Family members and friends have a big role to play in helping a veteran get back to normal life. Usually, people who are close to the veteran will be the first to notice if there are any problems.
If a person you love is struggling with post-traumatic stress disorder (PTSD), know that it can be cured, and, with your help, they can reclaim their old life. It has been done many times before, with spouses, partners, family members and friends all contributing to their loved one’s success in overcoming their PTSD-related challenges.
The following are five ways to improve the life of a veteran going through PTSD:
1. Be ready to help your loved one.
First off, be aware that whatever your loved one is dealing with because of PTSD is out of their control. If they’re being difficult, understand them with all your heart and mind. If you have to do more things around the house, just do them anyway. Unless you can rise above the situation, you can never help a person with PTSD.
2. Educate yourself about treatment options.
Counseling and medication are two established approaches for treating PTSD. In recent years, researchers have brought forth new knowledge in the disorder’s causes and potential treatment. The more you know about the subject, the more you can help your loved one.
3. Encourage your loved one to talk with other veterans in a similar position.
Seek support from your local VA, where you can make arrangements for your loved one to attend counseling with Peer Specialists, with the family or in group therapy sessions. A Peer Specialist is someone with a mental health condition who has received training and certification that enables them to help others dealing with their own mental issues. Just connect with your local VA and they will help you explore options and resources.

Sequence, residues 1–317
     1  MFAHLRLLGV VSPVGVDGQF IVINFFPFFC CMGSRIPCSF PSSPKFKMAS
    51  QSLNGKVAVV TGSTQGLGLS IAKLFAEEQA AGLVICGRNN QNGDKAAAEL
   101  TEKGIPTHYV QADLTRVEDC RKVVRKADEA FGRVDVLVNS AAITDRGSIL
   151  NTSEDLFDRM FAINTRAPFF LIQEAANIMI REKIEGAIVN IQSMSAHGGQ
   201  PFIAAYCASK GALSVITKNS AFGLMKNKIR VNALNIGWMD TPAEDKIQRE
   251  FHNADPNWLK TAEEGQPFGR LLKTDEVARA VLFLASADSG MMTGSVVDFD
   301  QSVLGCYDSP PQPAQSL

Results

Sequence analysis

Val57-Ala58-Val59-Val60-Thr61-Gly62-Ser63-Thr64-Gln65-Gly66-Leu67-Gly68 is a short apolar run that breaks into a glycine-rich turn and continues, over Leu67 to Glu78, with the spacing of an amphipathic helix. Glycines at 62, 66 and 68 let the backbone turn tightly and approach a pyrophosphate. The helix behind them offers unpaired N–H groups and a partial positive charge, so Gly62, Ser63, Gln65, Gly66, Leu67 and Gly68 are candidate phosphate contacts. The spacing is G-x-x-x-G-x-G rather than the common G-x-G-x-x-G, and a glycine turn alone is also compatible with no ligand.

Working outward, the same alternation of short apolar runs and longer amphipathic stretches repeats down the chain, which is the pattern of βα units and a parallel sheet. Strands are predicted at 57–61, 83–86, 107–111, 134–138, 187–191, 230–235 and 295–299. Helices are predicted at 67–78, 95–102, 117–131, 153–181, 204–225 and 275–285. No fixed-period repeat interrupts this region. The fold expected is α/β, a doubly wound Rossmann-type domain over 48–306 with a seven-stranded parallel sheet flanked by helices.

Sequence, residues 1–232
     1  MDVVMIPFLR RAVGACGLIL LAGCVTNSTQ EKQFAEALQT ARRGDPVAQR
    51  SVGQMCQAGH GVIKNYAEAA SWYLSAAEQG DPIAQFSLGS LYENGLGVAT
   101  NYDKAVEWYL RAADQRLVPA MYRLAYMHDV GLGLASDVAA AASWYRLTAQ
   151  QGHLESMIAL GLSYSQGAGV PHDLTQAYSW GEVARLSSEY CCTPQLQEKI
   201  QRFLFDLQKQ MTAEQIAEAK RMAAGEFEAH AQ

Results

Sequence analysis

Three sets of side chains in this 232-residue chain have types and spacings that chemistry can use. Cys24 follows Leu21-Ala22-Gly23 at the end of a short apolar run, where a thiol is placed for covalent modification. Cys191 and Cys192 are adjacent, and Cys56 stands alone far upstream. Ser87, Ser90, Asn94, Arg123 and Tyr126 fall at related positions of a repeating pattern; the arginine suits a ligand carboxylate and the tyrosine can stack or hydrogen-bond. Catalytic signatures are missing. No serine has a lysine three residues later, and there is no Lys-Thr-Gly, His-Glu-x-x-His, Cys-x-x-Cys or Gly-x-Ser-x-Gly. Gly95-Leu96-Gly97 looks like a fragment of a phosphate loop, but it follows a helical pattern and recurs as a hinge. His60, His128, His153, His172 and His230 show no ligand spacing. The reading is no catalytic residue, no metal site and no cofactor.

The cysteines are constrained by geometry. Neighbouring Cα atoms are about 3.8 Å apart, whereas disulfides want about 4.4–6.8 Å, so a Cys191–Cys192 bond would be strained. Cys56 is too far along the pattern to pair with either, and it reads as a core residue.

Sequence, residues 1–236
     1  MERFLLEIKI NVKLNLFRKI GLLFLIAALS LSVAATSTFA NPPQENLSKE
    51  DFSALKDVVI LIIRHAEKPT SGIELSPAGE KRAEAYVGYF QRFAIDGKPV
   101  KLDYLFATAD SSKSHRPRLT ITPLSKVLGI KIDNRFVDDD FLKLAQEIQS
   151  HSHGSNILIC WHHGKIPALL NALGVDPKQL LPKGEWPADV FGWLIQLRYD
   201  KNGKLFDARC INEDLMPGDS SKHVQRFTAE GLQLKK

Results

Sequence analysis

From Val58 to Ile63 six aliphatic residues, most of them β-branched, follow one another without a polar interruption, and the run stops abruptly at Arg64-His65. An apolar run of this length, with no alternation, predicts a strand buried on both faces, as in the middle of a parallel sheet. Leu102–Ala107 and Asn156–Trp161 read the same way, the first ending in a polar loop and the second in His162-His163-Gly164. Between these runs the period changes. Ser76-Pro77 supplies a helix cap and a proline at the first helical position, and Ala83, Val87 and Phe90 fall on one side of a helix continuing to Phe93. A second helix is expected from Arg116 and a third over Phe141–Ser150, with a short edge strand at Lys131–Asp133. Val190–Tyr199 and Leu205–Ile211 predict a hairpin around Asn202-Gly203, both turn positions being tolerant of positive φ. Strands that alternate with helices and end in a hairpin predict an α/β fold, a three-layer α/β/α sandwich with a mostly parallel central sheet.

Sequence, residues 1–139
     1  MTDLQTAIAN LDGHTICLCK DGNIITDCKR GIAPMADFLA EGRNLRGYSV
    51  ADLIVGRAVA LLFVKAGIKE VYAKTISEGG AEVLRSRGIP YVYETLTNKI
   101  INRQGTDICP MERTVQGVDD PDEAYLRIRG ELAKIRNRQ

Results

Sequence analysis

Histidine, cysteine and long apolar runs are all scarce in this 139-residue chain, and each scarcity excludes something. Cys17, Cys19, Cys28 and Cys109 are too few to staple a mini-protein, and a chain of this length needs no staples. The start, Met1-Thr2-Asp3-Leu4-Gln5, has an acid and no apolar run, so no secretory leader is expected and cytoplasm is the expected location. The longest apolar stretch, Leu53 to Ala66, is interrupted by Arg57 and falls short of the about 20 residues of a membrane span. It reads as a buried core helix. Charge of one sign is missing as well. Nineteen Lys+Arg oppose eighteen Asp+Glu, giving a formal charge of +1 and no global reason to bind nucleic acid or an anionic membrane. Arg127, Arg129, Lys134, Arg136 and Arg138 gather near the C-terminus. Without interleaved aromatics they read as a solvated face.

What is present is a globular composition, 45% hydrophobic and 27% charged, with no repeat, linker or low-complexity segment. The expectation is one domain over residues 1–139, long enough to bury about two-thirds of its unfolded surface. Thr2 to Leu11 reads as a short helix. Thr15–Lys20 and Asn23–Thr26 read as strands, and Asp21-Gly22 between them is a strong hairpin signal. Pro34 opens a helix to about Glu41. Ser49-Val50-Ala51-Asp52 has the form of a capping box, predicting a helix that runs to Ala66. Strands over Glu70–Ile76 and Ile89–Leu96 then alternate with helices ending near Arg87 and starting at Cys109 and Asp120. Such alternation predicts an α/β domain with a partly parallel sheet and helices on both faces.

4. Hire a professional coach.
Yes, it’s possible to have a professional coach help your loved one through his PTSD battles, and some coaches will even do it for free. Getting a person with PTSD to speak about what they’re going through is usually hard for family members, but professionals will know exactly how to go about it. Such coaches are knowledgeable, trained and experienced, so they can usually elicit positive responses from veterans with the disorder.
5. Encourage your loved one to help themselves.
Finally, encourage your loved one with PTSD to try to maintain a level of self-care with their daily life. For example, download some PTSD self-help tools on their mobile phone or laptop, such as apps that provide tips for managing symptoms. Self-care allows people to feel in control of themselves, which is something veterans with PTSD need en route to recovery.